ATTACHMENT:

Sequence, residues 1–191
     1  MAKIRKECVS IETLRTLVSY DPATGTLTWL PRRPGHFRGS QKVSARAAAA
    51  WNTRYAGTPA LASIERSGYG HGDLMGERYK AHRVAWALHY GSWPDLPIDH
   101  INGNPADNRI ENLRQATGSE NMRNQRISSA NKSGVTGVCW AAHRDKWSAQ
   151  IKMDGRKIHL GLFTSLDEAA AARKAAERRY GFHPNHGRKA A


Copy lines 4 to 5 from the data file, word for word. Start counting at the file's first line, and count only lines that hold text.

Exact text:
   101  INGNPADNRI ENLRQATGSE NMRNQRISSA NKSGVTGVCW AAHRDKWSAQ
   151  IKMDGRKIHL GLFTSLDEAA AARKAAERRY GFHPNHGRKA A